On a recent casual dinner conversation with one of my new West Saharan acquaintances in Dar es Salaam, I jokingly quizzed him on whether or not he would be on the side of Morocco’s football national team, supporting them in their FIFA semi-finals against France.
His response to my question was instinctively and characteristically one of unequivocal rebuke: he will never, at any one point, support Morocco on anything, until such time when Morocco unconditionally granted independence to his dear country, famously known as Sahrawi.
After taking time to visit social media platforms on Sahrawians’ responses to Morocco’s qualifications for the 2022 World Cup Semi-Finals in Qatar, I immediately realized that his answer did apparently mirror a majority of his people’s sentiments elsewhere.
Football is a very sentimental game that arouses deep-seated senses and passions of nationalism or even racism. On a positive note, it could also prove to be a powerful tool for and symbol of peace and reconciliation, if purposefully used to that end.
However, those who have a clear understanding of the colonial history of the Moroccan occupation of Sahrawi will certainly appreciate the Sahrawians position on Morocco’s current successes in the FIFA World Cup in Qatar.
There is absolutely no denying that Morocco’s occupation of Sahrawi is indeed an illegal occupation that must be consistently resisted by and through all means necessary, especially, by all those who stand for freedom, peace, self-determination and democracy.
Morocco’s colonial occupation of Sahrawi is consequently no different from other colonial occupations elsewhere. The only interesting difference is that this colonial occupation is an occupation of one Arab-African nation by another Arab-African nation!
Morocco has claimed authority over Western Sahara since 1975 after the Spanish colonialists left, but the United Nations does not recognize Moroccan control, calling Western Sahara a “non-self-governing territory.”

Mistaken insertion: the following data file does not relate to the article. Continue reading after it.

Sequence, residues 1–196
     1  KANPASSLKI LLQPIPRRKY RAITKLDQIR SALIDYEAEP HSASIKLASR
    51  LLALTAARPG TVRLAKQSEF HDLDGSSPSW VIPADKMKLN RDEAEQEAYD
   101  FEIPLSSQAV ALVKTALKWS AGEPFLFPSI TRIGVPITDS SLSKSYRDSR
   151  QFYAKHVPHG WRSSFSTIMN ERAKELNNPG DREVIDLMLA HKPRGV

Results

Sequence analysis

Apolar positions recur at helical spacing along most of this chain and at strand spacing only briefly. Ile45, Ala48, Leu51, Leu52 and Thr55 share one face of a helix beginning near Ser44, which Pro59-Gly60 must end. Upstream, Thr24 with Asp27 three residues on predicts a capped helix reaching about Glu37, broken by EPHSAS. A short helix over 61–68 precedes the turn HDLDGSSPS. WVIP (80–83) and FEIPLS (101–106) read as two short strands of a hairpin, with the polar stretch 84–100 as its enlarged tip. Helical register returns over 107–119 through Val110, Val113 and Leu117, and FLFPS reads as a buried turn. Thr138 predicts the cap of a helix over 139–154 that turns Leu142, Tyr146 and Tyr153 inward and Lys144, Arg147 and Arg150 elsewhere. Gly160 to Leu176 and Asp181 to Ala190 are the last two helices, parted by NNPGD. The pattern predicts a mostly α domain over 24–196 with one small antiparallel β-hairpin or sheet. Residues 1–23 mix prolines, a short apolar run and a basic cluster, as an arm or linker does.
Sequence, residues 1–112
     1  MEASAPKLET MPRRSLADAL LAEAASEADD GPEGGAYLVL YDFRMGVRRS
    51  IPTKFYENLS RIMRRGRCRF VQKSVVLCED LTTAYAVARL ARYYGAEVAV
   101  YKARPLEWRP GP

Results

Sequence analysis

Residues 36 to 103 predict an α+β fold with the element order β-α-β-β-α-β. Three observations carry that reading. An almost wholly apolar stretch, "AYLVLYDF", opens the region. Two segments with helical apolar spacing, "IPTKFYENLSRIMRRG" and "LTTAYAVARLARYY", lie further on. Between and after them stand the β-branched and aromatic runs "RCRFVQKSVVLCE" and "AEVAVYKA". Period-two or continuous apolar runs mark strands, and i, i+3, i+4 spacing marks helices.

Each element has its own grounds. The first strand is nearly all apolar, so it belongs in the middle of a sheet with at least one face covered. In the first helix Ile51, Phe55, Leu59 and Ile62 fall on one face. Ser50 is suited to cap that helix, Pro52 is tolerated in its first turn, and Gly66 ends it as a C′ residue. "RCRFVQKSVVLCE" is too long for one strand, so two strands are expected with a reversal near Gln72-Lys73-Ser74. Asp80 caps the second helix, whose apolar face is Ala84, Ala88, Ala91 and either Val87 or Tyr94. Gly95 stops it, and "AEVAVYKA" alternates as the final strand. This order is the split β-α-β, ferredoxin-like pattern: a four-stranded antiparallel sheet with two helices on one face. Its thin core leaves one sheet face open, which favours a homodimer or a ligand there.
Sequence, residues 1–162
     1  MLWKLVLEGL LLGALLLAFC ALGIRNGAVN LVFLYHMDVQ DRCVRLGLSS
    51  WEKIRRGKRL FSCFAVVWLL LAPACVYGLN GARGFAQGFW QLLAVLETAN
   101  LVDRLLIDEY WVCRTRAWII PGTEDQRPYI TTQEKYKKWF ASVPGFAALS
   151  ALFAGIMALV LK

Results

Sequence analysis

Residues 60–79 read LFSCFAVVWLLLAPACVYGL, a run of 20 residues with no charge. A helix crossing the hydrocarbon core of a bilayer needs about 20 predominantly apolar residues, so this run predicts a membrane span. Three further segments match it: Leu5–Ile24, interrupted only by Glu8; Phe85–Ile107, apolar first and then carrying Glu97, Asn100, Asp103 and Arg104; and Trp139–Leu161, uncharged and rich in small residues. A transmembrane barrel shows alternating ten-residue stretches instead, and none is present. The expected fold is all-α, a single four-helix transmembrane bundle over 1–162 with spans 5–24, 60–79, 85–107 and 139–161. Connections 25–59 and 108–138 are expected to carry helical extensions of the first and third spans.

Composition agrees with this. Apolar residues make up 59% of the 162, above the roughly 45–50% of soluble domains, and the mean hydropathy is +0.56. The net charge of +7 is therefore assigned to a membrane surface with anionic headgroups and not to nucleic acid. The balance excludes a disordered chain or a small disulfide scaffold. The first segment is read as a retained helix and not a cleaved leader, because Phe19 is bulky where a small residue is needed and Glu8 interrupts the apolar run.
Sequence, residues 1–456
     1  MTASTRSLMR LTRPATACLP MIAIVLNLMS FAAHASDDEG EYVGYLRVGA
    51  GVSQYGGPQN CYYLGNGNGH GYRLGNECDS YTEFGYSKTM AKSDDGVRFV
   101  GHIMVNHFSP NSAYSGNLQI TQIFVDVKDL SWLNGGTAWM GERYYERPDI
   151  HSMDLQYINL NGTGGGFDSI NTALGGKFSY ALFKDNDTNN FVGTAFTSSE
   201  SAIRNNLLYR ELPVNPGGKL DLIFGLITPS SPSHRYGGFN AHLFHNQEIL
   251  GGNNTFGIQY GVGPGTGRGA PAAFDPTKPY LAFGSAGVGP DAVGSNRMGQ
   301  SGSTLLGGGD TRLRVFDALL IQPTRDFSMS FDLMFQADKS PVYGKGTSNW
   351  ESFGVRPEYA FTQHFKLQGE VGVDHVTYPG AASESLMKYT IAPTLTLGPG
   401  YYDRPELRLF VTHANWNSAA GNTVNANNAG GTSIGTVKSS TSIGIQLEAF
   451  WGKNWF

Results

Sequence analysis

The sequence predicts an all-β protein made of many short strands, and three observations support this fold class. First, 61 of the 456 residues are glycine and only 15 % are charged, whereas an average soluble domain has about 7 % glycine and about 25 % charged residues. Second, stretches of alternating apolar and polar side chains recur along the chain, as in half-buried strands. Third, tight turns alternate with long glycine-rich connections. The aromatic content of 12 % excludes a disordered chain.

Morocco controls the most populous area along the Atlantic coastline, more than three-quarters of the territory.
While the UN brokered a cease-fire in 1991, a long-promised referendum on the territory’s status is yet to be held. The Moroccan-controlled area, which Rabat calls its “Southern Provinces,” is represented in the Moroccan parliament.
However, civil liberties are severely restricted, particularly as they relate to independence activism.
Another recent key setback in the Sahrawi people’s struggle for self-determination was the US government’s December 2020 hypocritical recognition of Morocco’s sovereignty over Sahrawi.
This is very much in sharp contrast with the current US government’s denunciation of Russia’s invasion and occupation of some large swaths of Ukrainian eastern territories, referring to it as a blatant violation of international law and the sovereignty of an independent country.
Also, FIFA and other global sporting bodies were so quick to denounce and ban Russia from participating in international sporting events for invading and occupying Ukraine.
However, they do not see it fitting to do the same against Morocco, whose colonial occupation of Sahrawi is clearly in violation of a rules-based international order.
I commend the African Union and a number of other African countries, including Tanzania, for their continued support of the Sahrawi people’s struggle and their quest for independence and self-determination.
Let Morocco’s unheralded and yet deserved success in this year’s FIFA World Cup in Qatar, serve as a stark reminder to the world that the country is still the only remaining colonial power in Africa, occupying as it illegally does, Western Sahara, and that, that must stop.
John Kitoka is a Dar es Salaam-based analyst of international affairs. He can be reached on +255 755 622697 or email@example.com. These are the writer’s own opinions and do not necessarily reflect the viewpoints of The Chanzo Initiative. Do you want to publish in this space? Contact our editors at firstname.lastname@example.org for further inquiries.